Solar Project Helps Veterans Gain Green Job Skills
This article originally appeared on Scrapbook.
Three Bay Area veterans committed to building sustainable communities and helping other vets make the transition to civilian jobs raised more than $7,000 to help sponsor a two-day, hands-on training for local veterans to install a solar electric system on the home of a low-income family in San Francisco's Bayview district.
Among them was Sierra Club staffer and US Naval Academy graduate Alicia Washkevich (above at left). Working with former Marine Ian Thomson (second from right) and fellow Navy vet Brian Wiechowski, the three raised money through individual contributions and donations from the Sierra Club and Sungevity, a residential solar company.
The two-day training, timed to coincide with Veteran's Day, was organized by GRID Alternatives, a solar installation training company operating throughout California, and Swords to Plowshares, a community-based non-profit that helps make the transition to civilian life easier by providing counseling, job training, housing, legal assistance and other services to veterans in the San Francisco Bay Area. Anthony Sordini, director of Veterans Green Career Pathways for Swords to Plowshares, is second from left, above.
The transition from military culture to the civilian workforce can be challenging. "Veterans can be unsure about how to apply and interview for a job, and employers are often hesitant to hire vets who lack experience in civilian jobs," says Sordini. "We're trying to bridge the gap for veterans pursuing employment in the green economy."
Washkevich, an oceanographer and a decorated Director of Training & Education while in the Navy, joined the Sierra Club staff in 2009 to oversee the Club's National Youth & Veteran's Programs. "I had a bit of a tough transition from military to civilian life myself," she says. "After seeing first-hand the link between energy and national security, and spending time outdoors in nature after deployments to decompress, I just knew I wanted to work in the new green economy after my military service."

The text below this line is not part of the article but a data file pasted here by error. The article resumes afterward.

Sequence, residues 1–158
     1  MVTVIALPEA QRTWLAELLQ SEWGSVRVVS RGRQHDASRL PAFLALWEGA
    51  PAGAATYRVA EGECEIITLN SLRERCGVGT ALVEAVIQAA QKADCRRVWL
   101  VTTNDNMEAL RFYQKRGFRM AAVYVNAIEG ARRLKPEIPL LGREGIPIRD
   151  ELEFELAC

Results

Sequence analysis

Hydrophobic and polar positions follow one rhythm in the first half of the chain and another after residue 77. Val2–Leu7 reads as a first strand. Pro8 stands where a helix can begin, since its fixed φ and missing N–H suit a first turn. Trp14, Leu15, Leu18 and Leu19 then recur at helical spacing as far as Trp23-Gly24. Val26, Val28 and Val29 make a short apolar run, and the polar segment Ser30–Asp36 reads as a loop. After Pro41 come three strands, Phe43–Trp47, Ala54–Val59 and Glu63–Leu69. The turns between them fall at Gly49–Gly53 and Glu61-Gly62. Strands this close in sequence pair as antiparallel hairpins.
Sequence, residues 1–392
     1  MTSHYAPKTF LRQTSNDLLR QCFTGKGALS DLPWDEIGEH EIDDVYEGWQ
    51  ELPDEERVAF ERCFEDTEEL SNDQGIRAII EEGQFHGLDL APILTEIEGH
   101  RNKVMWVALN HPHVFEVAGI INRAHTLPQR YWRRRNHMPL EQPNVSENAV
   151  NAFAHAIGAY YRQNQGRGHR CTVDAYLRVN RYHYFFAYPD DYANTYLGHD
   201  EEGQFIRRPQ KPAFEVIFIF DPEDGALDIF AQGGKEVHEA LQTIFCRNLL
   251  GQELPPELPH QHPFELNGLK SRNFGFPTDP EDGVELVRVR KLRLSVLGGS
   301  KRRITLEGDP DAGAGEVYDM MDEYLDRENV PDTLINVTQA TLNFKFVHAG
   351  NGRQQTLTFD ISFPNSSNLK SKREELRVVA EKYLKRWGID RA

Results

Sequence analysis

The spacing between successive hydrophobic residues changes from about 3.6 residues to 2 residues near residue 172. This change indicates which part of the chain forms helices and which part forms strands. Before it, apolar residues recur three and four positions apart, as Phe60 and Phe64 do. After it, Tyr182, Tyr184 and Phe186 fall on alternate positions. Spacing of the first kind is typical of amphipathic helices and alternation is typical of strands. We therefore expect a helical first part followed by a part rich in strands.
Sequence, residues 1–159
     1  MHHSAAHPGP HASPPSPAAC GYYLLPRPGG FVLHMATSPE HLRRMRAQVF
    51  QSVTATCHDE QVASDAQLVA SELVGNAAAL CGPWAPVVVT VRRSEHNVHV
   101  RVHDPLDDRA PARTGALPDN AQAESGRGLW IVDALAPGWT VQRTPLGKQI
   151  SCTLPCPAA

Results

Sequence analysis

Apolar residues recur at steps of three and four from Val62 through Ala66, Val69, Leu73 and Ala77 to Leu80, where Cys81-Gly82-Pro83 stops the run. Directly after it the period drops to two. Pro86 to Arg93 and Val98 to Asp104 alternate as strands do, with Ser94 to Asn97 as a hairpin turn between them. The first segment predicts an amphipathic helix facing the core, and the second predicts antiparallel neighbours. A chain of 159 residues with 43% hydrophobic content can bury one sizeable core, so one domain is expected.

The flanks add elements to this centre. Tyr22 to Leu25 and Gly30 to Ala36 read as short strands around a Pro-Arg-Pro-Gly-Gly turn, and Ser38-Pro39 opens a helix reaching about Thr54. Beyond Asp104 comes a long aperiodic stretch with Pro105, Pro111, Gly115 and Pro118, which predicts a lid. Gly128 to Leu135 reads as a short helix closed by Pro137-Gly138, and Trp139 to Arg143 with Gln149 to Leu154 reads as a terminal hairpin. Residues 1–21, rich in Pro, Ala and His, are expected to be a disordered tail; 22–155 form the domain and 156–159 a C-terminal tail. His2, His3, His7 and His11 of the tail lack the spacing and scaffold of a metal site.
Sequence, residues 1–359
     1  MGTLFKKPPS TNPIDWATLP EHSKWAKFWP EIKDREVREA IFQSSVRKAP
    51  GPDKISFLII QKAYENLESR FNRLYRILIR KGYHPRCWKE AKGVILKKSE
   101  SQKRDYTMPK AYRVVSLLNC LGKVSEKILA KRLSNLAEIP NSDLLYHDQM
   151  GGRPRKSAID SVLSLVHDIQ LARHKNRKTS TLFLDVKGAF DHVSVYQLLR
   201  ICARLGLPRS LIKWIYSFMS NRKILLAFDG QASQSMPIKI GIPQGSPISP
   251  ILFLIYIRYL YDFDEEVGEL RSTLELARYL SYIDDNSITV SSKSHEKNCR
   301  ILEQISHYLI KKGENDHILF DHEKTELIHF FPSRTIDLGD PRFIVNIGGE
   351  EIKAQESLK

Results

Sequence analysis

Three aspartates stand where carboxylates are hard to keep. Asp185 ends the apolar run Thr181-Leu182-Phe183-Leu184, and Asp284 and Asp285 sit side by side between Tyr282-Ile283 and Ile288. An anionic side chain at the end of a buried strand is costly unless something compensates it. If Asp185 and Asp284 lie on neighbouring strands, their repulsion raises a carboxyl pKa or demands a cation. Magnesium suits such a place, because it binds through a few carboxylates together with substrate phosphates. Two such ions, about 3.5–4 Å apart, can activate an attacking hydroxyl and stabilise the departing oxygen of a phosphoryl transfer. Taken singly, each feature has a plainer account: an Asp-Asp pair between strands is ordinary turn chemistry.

Now the Sierra Club's Conservation Finance & Operations Manager, Washkevich learned from her military training what it meant to "defend and protect," giving her skills that she now applies in the environmental arena. "I think I'm like a lot of veterans in being 'mission focused,'" she says. "I'm not driven by money; I'm driven by a mission.
"Lots of veterans are looking for more than just a job once they get out of the military. They want to be part of something bigger than themselves, and the green economy presents the same sort of opportunity for veterans to work in a field with a mission, to help families save money, help stop pollution and hazards from coal and oil, protect our environment, and reduce security issues associated with energy."
The Veteran's Day installation of the solar electric system on the San Francisco home was overseen by professional staff from GRID Alternatives, and the seven veterans who participated were all enrolled in Swords to Plowshares' green jobs training program.
The vets installed 6 photovoltaic solar modules that will generate 1.2 kilowatts of clean, renewable power and reduce the family's monthly electricity bill by 75 percent. Over its lifetime, the system is expected to generate over 67,000 kilowatts of energy, saving the family more than $11,000 and eliminating 38 tons of greenhouse gas emissions in the process.
Washkevich and fellow fundraiser Wiechowski met at their first civilian job, where they started talking about what they could do to help other vets who were transitioning to civilian life. "We wanted to bring together Bay Area veterans, help build a support network, and give back to our fellow brothers and sisters who served," Washkevich says.
The two met with Ian Thomson and formulated a plan to raise money for the Veteran's Day solar panel installation, bringing Swords to Plowshares onboard to help identify vets in need of skilled job training. "It was really just us wanting to give back to vets in need on Veteran's Day," Washkevich says. "We were blown away by all the support we got, and we hope to do something even bigger next year!"
-- Tom Valtin